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Top 10 Facebook Fan Pages and How To Use Them In Your Business

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It's not an automatic win if you sign up to Facebook, slap up a fan page, and get a few fans. The big name-brand companies out there have spent hundreds of thousands, even millions of dollars to try to figure out how to take advantage of the social network. Some of the best companies out there have finally realized that you have to "humanize" yourself on a site like Facebook.

Unlike Google's organic (or even paid) search engine, people don't come to Facebook with the intention of solving a problem - not really. They log on to have fun. It's probably the largest site dedicated solely to the purpose of being entertained.

Even news stories that get shared, liked, and quoted often take a back seat to neat science photos, comics, and - of course - funny cat pictures and videos. Photos happen to be one of the most sharable things on Facebook (along with videos). The best fan pages take advantage of this, along with the viral nature of contests or sweepstakes. Here are some of the best examples of companies that get it right:

 

iTunes

 

1. iTunes - Apple does an excellent job of designing some of the best computers in the world. It shows us that it's also pretty adept at designing webpages - even on arguably clunky sites like Facebook. It features content related to, you guessed it, iTunes. Videos showcase new movies and music videos available on the app store. Photos give you still shots of some of the latest releases while user tips help you get more out of this popular music player. If your company is a technology company, here's the takeaway: provide cool user tips and free videos and photos showcasing your best stuff. Integrating support channels right into your fan page would also be a good idea.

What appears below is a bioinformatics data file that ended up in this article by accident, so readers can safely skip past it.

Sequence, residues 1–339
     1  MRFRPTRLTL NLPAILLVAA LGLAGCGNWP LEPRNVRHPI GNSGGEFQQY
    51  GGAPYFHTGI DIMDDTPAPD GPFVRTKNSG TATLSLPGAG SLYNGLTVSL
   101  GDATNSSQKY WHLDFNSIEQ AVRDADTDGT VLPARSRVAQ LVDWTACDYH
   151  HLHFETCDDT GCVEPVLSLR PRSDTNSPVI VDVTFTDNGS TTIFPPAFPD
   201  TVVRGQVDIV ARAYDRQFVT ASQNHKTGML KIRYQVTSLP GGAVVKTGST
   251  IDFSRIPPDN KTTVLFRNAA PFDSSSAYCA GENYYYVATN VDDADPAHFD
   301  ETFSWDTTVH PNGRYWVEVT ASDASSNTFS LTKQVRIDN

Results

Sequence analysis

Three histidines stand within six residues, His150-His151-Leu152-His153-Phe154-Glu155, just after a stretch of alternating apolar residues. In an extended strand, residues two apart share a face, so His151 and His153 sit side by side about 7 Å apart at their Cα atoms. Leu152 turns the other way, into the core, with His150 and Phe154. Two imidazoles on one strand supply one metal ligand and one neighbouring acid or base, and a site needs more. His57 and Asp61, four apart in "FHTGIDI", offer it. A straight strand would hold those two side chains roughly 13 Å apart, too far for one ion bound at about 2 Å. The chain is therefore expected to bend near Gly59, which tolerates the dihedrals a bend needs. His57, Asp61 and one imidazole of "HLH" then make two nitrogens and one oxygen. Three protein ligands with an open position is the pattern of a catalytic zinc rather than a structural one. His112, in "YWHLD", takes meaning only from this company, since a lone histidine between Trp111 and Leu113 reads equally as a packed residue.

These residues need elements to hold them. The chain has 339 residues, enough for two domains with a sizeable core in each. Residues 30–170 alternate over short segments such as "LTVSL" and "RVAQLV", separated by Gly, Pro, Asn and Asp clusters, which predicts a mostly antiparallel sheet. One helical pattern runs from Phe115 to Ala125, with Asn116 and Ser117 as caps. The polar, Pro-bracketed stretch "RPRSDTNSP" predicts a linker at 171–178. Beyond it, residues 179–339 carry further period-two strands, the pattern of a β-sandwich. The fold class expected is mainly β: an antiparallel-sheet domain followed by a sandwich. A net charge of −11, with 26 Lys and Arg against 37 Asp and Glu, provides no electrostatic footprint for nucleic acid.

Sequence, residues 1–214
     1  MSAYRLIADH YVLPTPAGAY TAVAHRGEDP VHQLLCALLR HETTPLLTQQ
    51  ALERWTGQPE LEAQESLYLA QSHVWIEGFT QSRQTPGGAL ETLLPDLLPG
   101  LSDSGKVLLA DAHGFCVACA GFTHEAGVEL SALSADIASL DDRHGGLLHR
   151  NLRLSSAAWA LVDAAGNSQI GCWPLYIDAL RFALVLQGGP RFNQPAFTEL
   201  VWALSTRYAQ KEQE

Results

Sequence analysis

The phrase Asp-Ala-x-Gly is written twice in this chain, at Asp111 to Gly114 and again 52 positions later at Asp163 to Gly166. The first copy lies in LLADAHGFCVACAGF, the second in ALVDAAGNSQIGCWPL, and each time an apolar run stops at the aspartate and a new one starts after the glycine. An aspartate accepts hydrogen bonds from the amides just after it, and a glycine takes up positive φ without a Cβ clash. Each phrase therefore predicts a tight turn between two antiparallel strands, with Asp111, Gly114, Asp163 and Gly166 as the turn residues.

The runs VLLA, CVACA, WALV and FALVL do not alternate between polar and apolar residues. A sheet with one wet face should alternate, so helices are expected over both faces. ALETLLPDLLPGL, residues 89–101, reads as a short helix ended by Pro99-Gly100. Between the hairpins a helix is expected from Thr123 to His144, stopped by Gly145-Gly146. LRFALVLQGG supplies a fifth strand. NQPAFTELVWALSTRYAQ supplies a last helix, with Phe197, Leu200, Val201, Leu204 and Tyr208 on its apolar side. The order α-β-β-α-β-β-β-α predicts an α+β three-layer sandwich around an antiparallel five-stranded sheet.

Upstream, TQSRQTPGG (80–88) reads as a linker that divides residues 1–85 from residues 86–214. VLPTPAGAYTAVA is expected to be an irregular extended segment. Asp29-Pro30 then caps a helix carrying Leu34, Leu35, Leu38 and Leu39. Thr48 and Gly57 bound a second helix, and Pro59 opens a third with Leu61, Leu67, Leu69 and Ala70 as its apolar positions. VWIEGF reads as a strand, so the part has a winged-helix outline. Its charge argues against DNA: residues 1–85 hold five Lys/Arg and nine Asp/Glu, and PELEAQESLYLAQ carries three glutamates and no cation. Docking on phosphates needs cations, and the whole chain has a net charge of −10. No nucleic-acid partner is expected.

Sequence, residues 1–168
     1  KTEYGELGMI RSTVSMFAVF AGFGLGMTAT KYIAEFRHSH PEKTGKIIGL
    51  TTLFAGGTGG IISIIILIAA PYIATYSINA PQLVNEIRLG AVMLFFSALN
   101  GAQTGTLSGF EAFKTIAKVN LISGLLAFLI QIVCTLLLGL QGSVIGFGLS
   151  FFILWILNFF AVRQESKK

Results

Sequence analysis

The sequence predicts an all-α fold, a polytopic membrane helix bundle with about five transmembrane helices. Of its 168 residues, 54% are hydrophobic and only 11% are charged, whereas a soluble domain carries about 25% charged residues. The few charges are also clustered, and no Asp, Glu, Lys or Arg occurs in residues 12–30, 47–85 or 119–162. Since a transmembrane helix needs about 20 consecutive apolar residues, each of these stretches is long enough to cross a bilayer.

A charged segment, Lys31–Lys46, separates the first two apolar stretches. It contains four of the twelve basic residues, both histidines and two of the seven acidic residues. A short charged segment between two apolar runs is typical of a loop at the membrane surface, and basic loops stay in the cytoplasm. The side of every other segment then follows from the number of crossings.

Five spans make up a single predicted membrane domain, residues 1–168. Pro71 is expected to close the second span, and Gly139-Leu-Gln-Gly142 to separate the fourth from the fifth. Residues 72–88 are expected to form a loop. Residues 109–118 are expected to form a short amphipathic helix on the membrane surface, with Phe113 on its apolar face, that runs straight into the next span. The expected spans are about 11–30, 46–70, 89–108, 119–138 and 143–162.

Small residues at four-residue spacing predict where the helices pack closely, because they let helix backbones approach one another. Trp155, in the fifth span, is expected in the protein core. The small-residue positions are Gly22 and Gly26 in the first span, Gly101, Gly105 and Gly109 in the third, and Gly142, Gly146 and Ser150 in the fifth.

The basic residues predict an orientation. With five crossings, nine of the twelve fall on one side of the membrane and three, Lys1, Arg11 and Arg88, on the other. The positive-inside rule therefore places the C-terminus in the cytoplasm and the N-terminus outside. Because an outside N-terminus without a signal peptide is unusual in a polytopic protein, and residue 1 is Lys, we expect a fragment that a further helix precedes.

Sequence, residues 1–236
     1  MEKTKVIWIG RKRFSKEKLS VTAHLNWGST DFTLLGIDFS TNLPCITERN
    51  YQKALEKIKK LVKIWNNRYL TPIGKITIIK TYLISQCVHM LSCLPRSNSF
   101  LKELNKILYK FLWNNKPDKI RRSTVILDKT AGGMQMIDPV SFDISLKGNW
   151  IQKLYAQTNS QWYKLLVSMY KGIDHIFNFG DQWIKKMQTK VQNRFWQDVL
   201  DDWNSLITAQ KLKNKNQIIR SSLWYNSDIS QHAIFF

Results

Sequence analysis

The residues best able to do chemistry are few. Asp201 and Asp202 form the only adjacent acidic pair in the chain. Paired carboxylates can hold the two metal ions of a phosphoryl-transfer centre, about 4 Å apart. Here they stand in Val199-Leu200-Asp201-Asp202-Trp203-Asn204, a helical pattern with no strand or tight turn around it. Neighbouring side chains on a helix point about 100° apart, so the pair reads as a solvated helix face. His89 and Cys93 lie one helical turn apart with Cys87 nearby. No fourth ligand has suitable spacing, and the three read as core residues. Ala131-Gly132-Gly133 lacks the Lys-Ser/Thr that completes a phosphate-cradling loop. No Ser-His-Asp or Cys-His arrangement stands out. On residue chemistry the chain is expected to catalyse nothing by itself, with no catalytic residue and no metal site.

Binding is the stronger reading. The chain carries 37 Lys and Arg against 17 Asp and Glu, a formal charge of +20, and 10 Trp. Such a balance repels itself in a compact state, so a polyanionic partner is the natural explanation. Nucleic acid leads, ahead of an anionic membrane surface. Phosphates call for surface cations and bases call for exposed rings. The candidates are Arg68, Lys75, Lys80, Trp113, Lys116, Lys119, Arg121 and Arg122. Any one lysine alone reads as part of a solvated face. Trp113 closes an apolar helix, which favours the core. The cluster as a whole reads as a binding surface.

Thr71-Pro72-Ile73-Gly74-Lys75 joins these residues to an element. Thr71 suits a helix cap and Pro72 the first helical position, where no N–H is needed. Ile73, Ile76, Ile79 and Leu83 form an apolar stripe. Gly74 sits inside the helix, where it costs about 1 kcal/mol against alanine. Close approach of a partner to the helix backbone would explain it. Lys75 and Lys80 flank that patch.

McDonalds

 

2. McDonald's - You probably already know where your local McDonald's is, but the company dedicates a section of its fan page to locations just in case. Hey, if you're out of town and you need your fix, it shouldn't be too difficult to find, right? While you might not think that there's much to say about a hamburger joint, McDonald's manages to pack in a lot of information into its fan page. Of special interest is the page dedicated to "quality matters." Most people think of the fast-food giant as "cheap food," but here the golden arches makes an attempt to demonstrate what actually goes into its food. Paying homage to its suppliers helps to show customers wqhat they're really getting aside from boxed mystery meat.

This is an awesome PR section. When you watch the videos in this section, you get the feeling that McDonald's makes everything from scratch. If you have a commodity business that's difficult to be unique in, this is an idea you can use. Show the passionate people behind your products and services. Tell their story.

 

Baskin Robbins

 

3. Baskin-Robbins - The company isn't known for its health food. That's why BR spends a lot of time showing off food porn in the form delicious, sinful, ice cream. After you're done feeling guilty about all of the sugar and empty calories in the videos and photos, you can buy gift cards right from the fan page. Lesson: commodity businesses can demonstrate that they are of higher quality by showing off extremely high resolution photos and good quality video. Then, it's just a matter of leading fans to some kind of purchase offer. Notice how BR doesn't pitch its fans outright. It offers gift cards - because fans should want to buy a delectable treat for a friend or loved one.

 

Honda

 

4. Honda - Honda has some of the most enthusiastic fans on the planet. It's not surprising - it invented the engines with variable valve timing and lift that now common in high-end automobiles. But that's not what fans love. They apparently love the fact that they can play the drums in the back of some of the vehicles (as highlighted on Honda's current Timeline cover photo). The hook for Honda is "million mile Joe." He's driven his 1990 Accord 1 million miles. That's quite a story. If you have a business with a "superstar" customer (most businesses do), then showcase him or her on your fan page. It's a great publicity stunt and it helps you connect with fans. Just look at the feedback Honda has gotten from it.